What Is an Export Credit Agency (ECA)?

An export credit agency offers trade finance and other services to facilitate domestic companies' international exports. Most countries have ECAs that provide loans, loan guarantees and insurance to help eliminate the uncertainty of exporting to other countries.

The purpose of ECAs is to support the domestic economy and employment by helping companies find overseas markets for their products. ECAs can be government agencies, quasi-governmental agencies or even private organizations—including the arms of commercial financial institutions.

Understanding Export Credit Agencies

ECAs were previously a lender of last resort, stepping in only when private-sector financing was unavailable. But ECAs have taken on a greater role since the global financial crisis, providing the necessary support as increasingly risk-wary private lenders pulled back from export finance. Now there are scores of national ECAs worldwide, collectively providing hundreds of billions of dollars a year toward companies’ efforts to sell goods and services abroad.

Key Takeaways

  • Export credit agencies offer loans, loan guarantees and insurance to help domestic companies limit the risk of selling goods and services in overseas markets.
  • ECAs can be government agencies or private lenders, or semi-government bodies.
  • After commercial banks retreated following the global financial crisis, ECAs became leading players in international project financing and exports.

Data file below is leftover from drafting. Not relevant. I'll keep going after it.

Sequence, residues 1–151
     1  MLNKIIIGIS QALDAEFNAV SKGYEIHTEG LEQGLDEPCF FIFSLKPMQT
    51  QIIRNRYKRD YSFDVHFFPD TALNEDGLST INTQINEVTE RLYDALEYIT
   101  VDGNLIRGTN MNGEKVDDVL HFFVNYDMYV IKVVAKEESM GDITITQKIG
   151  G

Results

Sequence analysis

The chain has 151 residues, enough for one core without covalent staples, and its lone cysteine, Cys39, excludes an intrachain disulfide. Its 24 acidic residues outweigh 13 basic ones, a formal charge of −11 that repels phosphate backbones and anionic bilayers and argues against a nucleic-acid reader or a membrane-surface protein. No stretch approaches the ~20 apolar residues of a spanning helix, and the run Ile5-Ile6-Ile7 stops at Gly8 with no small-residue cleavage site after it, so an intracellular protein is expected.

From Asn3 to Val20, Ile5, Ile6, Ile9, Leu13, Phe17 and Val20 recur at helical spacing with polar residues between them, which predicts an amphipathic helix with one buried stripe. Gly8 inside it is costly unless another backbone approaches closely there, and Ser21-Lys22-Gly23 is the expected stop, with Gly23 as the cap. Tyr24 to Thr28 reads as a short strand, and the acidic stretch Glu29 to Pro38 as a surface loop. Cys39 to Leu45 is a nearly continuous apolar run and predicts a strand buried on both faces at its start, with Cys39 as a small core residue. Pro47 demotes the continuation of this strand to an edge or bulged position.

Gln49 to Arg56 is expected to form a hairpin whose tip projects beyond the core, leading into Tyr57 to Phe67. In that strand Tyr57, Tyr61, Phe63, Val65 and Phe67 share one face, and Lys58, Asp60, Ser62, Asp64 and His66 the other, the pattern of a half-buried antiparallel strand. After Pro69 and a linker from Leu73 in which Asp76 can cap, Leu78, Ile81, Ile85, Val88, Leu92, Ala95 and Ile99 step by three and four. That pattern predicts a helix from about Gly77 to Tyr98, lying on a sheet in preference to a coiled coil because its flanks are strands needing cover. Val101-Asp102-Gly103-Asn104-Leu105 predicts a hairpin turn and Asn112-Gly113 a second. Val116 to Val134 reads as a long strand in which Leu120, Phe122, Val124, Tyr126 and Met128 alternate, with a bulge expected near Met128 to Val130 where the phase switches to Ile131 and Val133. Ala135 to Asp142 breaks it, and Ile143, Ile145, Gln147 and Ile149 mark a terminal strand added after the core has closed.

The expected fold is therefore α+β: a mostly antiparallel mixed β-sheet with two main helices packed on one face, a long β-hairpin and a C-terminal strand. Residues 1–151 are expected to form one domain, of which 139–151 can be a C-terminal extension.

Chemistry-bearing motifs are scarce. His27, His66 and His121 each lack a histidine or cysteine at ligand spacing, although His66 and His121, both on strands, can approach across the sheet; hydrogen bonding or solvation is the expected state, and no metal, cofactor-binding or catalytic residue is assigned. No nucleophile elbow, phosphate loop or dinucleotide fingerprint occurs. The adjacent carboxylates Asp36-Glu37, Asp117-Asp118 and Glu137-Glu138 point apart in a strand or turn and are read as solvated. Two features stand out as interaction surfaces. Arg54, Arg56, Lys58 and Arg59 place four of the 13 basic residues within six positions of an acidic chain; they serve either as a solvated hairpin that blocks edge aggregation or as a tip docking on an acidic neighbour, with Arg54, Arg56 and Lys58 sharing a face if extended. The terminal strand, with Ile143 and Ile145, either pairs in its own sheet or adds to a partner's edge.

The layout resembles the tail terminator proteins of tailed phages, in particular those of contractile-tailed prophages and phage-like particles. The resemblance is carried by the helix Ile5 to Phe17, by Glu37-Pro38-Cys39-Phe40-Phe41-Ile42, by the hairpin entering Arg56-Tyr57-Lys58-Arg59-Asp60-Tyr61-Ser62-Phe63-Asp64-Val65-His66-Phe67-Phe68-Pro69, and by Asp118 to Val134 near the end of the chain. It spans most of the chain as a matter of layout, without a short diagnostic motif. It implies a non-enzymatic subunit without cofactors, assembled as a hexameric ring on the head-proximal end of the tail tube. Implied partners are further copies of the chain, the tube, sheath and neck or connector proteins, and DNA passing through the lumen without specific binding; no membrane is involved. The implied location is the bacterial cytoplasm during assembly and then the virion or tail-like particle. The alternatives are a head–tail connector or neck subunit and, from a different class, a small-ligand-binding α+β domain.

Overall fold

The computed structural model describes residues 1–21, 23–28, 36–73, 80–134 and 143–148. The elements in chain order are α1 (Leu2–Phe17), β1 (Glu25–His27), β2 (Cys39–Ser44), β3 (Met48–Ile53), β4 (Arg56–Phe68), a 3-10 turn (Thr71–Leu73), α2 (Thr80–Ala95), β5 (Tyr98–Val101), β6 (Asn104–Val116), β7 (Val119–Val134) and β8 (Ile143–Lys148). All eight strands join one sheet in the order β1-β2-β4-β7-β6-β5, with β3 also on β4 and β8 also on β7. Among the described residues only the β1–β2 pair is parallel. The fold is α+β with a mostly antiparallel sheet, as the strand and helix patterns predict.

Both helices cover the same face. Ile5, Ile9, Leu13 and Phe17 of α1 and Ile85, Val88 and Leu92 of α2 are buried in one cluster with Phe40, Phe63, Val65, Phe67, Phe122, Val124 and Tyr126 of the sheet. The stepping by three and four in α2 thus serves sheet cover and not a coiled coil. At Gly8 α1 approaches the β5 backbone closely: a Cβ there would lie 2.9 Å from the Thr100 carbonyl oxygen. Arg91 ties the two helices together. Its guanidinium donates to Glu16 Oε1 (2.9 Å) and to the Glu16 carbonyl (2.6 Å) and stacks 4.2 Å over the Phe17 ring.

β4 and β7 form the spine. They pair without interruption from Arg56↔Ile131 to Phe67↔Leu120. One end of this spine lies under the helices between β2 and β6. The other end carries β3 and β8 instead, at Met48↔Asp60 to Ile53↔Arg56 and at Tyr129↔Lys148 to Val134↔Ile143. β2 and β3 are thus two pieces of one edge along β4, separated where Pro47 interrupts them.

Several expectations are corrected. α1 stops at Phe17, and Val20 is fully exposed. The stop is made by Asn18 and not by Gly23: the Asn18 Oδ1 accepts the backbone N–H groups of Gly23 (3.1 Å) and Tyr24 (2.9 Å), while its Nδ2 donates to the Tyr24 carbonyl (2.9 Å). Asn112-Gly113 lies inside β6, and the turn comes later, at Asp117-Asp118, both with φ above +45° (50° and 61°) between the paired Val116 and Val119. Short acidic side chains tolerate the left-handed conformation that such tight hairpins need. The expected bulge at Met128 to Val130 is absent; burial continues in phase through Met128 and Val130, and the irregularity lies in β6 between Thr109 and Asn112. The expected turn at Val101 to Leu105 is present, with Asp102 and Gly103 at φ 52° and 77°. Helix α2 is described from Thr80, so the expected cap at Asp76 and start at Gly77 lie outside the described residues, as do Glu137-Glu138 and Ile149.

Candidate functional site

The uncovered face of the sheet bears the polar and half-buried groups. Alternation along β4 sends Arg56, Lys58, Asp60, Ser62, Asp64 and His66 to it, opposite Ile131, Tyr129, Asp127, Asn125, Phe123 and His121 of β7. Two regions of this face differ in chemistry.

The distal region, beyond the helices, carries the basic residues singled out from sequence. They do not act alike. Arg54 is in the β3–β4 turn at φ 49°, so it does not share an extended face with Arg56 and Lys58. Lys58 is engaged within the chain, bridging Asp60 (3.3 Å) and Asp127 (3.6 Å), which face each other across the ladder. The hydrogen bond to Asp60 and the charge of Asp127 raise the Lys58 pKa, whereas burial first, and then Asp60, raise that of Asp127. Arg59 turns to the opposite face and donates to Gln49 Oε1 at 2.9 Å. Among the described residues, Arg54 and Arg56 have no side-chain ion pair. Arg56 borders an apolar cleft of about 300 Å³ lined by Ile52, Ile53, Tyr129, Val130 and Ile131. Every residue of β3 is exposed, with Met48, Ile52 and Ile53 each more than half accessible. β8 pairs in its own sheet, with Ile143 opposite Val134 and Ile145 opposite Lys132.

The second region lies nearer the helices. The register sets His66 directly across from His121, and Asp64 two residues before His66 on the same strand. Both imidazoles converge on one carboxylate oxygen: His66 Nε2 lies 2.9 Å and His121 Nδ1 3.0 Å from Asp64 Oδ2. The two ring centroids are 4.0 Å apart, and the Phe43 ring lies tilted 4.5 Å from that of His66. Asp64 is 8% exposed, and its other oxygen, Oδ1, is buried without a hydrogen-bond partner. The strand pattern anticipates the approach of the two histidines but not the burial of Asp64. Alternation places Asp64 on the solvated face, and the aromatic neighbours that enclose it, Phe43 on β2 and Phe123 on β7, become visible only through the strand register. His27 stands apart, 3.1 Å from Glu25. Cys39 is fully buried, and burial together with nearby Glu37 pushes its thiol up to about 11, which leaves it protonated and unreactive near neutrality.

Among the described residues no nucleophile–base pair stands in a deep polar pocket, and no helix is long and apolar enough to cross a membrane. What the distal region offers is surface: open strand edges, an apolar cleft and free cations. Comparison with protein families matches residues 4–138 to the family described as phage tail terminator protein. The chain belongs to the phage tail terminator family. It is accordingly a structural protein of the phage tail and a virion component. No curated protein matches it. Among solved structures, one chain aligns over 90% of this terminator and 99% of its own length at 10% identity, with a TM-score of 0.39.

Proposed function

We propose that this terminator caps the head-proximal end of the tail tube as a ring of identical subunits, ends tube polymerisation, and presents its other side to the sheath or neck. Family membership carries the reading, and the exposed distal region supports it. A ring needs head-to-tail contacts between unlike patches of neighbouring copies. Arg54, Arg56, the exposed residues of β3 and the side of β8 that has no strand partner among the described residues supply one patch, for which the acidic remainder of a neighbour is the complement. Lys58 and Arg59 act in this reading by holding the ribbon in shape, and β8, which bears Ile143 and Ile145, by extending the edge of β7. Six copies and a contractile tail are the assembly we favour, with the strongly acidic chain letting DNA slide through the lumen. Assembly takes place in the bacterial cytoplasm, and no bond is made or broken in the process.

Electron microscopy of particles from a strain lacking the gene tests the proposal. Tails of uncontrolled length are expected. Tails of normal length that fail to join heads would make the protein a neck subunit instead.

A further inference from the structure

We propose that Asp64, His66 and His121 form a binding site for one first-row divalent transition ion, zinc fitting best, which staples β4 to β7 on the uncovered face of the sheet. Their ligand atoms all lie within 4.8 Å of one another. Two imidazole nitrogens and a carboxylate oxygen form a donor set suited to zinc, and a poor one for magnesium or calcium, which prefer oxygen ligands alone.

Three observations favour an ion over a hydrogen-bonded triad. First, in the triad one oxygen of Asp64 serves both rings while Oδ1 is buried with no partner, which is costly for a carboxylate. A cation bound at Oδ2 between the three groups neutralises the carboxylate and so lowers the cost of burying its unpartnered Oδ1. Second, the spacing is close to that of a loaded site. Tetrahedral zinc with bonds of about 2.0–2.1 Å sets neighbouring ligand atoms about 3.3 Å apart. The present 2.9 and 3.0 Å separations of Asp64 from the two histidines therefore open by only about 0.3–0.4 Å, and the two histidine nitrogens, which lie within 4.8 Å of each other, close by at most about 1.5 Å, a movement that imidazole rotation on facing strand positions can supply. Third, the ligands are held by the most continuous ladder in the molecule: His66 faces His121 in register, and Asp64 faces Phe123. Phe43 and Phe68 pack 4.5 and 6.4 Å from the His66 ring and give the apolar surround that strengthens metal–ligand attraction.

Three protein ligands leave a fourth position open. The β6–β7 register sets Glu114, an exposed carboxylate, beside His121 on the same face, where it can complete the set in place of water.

ECAs are increasingly critical to national industrial strategies. They can arrange government-backed loans, guarantees and insurance in some of the world's riskiest and most volatile markets. In many cases, development projects such as major infrastructure might never get built without their support.

ECA Offerings and Impact

ECAs charge premiums when they offer financial services. Interest from clients is sometimes an alternative to the premium, or the ECA might charge it in conjunction with the premium. Most ECAs offer insurance, as well as other services, for both medium terms—anywhere from two to five years—and long terms, which are five to 10 years.

The Organisation for Economic Cooperation and Development (OECD) has argued that ECAs operating in the public sector have a relatively small contribution to underwriting aggregate financing in trade around the world. However, the organization has conceded that ECA support of international trade is an increasingly important factor in individual transactions and for projects being undertaken in developing countries. The availability of the funding that ECAs provide is vital for project completion and the full realization of the resulting exports in these countries.

The OECD offers a list of official ECAs around the world.

ECAs play a major role in world trade. The export credit guarantees they offer lower the risk of private lending. ECAs are therefore becoming leading players in international project financing and exports. ECAs such as Ex-Im Bank help fill the funding gap that private-sector lenders create with their inability or unwillingness to provide financing. They help all products and services compete on a global scale.

The Export-Import Bank of the United States

The official ECA in the U.S. is the Export-Import Bank of the United States (EXIM, an independent executive-branch agency. According to EXIM, one of its primary roles is "leveling the playing field" when U.S. exporters "face foreign competition backed by other governments." To do so, it will "match or counter the financing offered by approximately 85 ECAs around the world."